Thankfully, the industrial sector is taking large strides towards a cleaner future. According to the EPA, the total greenhouse gasses from industry (both direct and indirect) have declined by 16.1 percent since 1990 – driven by the uptake of renewables, innovation in manufacturing, and tighter energy-efficiency standards.

Many industrial facilities are also working to reduce their environmental footprint with measures such as investing in carbon offsets to reduce greenhouse gasses, or buying certified RECs to offset their energy consumption.

Ultimately, we as consumers also have the power to vote with our wallets. By making a conscious decision to support sustainable and green manufacturers, we reward those that are doing the right thing – and encourage others the follow in their footsteps.

Commercial and Residential (12% of US Emissions)

Most of our homes and businesses still rely on carbon-intensive electricity, but there are a number of other ways that commercial and residential properties are sources of CO2 emissions.

Many of us use natural gas and petroleum-based fuels for heating and cooking, which emit gasses such as carbon dioxide, methane, and nitrous oxide. The organic waste we send to landfill is also a significant source of methane, which is released into the air as it decomposes. Homes and businesses also produce high volumes of wastewater, which is sent to treatment plants that create indirect emissions of their own.

As we continue to seek measures to reduce the effects of carbon emissions from residential and commercial properties, there’s a growing school of thought that all-electric buildings are the path towards a cleaner future. While we often rely on natural gas to provide our heating and cooking, it’s still a fossil-fuel that produces unavoidable carbon emissions. On the other hand, America’s electricity grid has become significantly cleaner over the last 20 years – driven by the growing demand for renewable energy and the closure of aging coal power stations. Many home and business owners are also installing their own solar systems, batteries, and even wind turbines – generating clean and sustainable energy directly at the source.

At terrapass, we firmly believe in creating a greener future for everyone, and so we offer a range of solutions that can help you to reduce or even completely eliminate your greenhouse gas emissions.

Using our free carbon emissions calculator, you can measure the carbon footprint of your home or business, including electricity use, travel, public transport, shipping, and many other categories. Once you have a better understanding of your environmental impact, you can invest in carbon offsets from our range of emission reduction projects, or purchase RECs to counteract your electricity use and restore the balance.

With such a growing focus on renewable energy, sustainability, and energy-efficiency, it’s exciting to see so many commercial and residential properties transforming for the better. And in addition to reducing CO2 emissions, green buildings are also cheaper to run and maintain, giving home and business owners greater financial stability – and strengthening our communities in the long-run.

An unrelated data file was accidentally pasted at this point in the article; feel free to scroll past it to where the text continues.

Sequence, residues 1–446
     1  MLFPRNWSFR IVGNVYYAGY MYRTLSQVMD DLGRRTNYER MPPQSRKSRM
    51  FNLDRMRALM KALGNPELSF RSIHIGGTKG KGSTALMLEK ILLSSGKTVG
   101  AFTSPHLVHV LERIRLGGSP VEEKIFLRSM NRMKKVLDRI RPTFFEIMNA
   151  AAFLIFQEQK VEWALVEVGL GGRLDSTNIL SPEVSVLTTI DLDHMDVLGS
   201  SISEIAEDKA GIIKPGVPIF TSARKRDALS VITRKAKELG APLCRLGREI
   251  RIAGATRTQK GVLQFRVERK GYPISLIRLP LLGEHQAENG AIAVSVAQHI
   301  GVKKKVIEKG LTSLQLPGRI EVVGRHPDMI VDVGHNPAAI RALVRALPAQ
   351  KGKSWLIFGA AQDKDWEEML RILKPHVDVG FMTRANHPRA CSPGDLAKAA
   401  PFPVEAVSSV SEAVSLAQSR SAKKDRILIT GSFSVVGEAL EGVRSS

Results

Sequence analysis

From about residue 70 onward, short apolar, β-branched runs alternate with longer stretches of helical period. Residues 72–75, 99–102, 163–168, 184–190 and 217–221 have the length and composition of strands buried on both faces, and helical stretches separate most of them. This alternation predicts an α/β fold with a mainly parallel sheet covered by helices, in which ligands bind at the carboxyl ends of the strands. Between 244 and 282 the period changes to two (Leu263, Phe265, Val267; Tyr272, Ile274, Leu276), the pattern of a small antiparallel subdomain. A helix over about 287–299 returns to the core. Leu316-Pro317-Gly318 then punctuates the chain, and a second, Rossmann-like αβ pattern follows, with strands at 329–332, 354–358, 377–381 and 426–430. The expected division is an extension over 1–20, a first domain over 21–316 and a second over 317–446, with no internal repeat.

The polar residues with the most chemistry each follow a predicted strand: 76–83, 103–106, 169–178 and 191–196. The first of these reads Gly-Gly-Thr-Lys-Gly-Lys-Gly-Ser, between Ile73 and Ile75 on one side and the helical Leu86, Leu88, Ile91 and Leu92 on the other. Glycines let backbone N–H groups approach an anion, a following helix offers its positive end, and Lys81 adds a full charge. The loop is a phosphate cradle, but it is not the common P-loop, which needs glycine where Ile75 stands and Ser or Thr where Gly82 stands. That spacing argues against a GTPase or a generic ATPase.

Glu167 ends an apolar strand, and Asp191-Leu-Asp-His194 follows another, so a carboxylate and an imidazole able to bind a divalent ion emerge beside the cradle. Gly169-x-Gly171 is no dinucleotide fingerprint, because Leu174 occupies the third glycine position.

Agriculture (10% of US Emissions)

While most of our carbon emissions come from burning fossil fuels to create electricity, provide heat, or power vehicles, agriculture is also a significant source of greenhouse gasses. The sector is responsible for growing crops and managing livestock for food production, and creating biofuels such as ethanol from corn or sugarcane.

In the US, agriculture contributes to carbon emissions in several different ways, including:

  • Livestock such as cattle, which produce methane as part of their natural digestive process. There are currently almost 100 million cows in America, most of which are raised purely for beef and dairy production.
  • Livestock manure, which emits gasses such as methane and nitrous oxide as it decomposes.
  • Soil management, which can lead to increased levels of nitrous oxide that enters the atmosphere. Soil emission levels are influenced by the use of fertilizers, the types of crops planted, the draining of organic soils, and irrigation techniques.
  • Crop and livestock management, such as the use of lime and urea, rice cultivation, and the controlled burning of farming and crop areas.

At terrapass, one of our primary forms of greenhouse gas abatement involves working with farmers to reduce methane emissions from livestock. Rather than letting methane enter the atmosphere, we assist farms in feeding their manure into anaerobic digesters and then using the captured methane to create clean electricity.

America’s agricultural sector is the backbone of our country, providing much of the food we eat, and even some of the fuel we use. When we support local farms and invest in newer and cleaner technologies, it reduces the carbon footprint of our entire food and livestock system – which ultimately benefits all of us.

Carbon Emissions: Change Is in Your Hands

From this detailed list of our carbon emissions by source, it’s clear that our planet’s health is directly influenced by our individual decisions and behaviors. And while greenhouse gasses come from many different places, there are also more ways than ever before for us to make a difference – and restore the natural balance.

At terrapass, we believe the path to reducing carbon emissions starts with our consumption – whether in the form of electricity, fuel, or food – which we can improve by making smarter choices or seeking sustainable alternatives. And for our unavoidable emissions, we offer a selection of certified carbon offsets and renewable energy credits that can help everyone – whether you’re an individual or a business – to significantly reduce the size of your carbon footprint.

And while there’s still a lot of important work ahead of us, we believe that as more and more people embrace sustainable lifestyles, the future looks brighter – and greener – than ever before.

Photo by Marcin Jozwiak from Pexels